“Ha!” I said, because hers was a good response, because I needed to punctuate the end of our awkward conversation, and because the downhill portion of the run ended.
Last weekend, at the 5k/1-mile fundraiser for my son’s school, I called each of my children “boob.” I didn’t mean to. I occasionally call them “boo,” as in, “Hey, boo! How was your day?” I don’t know where it came from, but it rolls nicely off the tongue. In Australia, little kids are called “bubs,” and this trivia resides in my brain very near “boo."
The danger in these proximal tip-of-the-tongue-isms arose as I navigated my kids along a 1-mile run course. I maintained their pace, told them to watch out for others, encouraged them, and said,“Good job, boob!” And then, I did it again: “Watch out there, boob!” Twice! I did it twice!
Theo and Sylvia didn’t notice, or even know to care, but I think
a couple of parents stepped it up to distance themselves from the weirdo who
called her kids boobs.
I had little time to worry, though, because shortly after the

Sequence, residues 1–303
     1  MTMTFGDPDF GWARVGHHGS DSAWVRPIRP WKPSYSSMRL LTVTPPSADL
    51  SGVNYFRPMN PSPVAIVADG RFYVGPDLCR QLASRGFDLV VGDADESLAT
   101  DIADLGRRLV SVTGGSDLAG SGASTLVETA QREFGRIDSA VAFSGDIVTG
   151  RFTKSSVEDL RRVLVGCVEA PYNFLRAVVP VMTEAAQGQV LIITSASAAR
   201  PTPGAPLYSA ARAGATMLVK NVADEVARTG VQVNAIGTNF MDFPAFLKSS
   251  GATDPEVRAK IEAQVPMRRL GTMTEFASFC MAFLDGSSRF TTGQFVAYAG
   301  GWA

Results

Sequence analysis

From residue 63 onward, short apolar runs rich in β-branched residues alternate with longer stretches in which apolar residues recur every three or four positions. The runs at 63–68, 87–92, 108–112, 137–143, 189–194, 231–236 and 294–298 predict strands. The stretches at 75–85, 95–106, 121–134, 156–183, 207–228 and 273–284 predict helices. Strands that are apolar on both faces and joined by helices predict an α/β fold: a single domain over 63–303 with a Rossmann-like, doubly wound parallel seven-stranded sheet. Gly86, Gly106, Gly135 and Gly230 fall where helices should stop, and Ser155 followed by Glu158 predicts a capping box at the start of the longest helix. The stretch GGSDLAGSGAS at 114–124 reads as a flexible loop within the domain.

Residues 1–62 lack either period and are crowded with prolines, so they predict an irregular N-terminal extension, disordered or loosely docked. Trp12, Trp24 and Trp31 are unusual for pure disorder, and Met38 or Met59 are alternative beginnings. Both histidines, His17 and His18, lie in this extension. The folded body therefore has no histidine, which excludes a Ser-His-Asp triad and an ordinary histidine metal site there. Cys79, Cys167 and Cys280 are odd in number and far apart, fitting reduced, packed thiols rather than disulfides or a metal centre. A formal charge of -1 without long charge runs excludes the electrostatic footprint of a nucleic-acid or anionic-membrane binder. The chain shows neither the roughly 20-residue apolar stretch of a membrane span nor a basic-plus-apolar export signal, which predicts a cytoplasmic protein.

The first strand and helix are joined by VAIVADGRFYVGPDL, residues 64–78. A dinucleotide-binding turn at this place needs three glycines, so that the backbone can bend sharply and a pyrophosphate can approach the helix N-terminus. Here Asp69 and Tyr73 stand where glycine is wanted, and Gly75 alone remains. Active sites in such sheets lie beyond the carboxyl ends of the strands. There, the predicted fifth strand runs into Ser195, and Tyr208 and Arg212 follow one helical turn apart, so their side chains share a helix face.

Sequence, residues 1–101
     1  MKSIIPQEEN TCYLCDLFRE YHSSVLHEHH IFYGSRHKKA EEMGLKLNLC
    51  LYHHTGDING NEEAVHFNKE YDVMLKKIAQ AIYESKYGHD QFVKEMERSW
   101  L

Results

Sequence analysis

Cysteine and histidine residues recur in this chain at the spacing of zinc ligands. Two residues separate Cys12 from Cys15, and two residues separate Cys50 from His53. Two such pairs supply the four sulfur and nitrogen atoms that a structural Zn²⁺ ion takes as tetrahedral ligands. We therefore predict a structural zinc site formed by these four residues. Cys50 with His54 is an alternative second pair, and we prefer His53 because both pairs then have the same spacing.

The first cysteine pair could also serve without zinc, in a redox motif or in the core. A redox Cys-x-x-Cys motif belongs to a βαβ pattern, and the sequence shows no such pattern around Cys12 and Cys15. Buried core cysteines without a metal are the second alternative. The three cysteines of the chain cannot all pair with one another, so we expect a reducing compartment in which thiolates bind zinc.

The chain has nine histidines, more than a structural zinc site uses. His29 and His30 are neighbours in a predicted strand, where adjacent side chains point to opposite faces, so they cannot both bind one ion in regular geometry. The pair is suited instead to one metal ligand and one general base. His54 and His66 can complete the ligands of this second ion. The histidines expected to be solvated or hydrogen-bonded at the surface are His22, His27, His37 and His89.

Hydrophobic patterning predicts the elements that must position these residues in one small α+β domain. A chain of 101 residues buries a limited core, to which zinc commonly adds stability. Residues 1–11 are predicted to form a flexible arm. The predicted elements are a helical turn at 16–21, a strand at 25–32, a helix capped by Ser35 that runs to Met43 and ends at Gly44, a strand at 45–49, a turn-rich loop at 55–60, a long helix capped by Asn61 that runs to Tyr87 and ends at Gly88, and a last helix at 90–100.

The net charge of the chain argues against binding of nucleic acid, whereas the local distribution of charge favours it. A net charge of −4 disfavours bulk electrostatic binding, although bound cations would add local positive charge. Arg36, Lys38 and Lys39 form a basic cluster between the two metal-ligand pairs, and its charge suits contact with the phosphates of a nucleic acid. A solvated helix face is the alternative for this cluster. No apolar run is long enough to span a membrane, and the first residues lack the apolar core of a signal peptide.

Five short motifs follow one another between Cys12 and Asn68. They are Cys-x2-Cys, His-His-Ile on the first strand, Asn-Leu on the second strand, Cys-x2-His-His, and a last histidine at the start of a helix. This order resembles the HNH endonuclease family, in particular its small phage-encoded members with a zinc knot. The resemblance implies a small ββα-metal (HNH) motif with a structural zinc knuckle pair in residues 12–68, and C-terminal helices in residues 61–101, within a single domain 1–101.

last “Nice, boob!” we had an all-family crash. Adam was carrying three-year-old
melting-down Sylvia, around whom he couldn’t see. When six-year-old Theo veered
suddenly right, they collided. With a piercing scream, Theo ejected into a
pathside chamisa while Adam stumbled to keep from crushing Sylvia, who launched
a meltdown revival. Theo was upset and angry: He’d run nearly the whole mile
only to end on this clumsy indignity.
A finish-line photographer would have captured me trying to placate Theo, who was glaring and shaking his fist, while Adam regained his grip on Sylvia, whose face was a run of tears and snot. Instead, people said, “It’s so nice to see your whole family out!” Because people say nice, normal things when they’re not running en masse.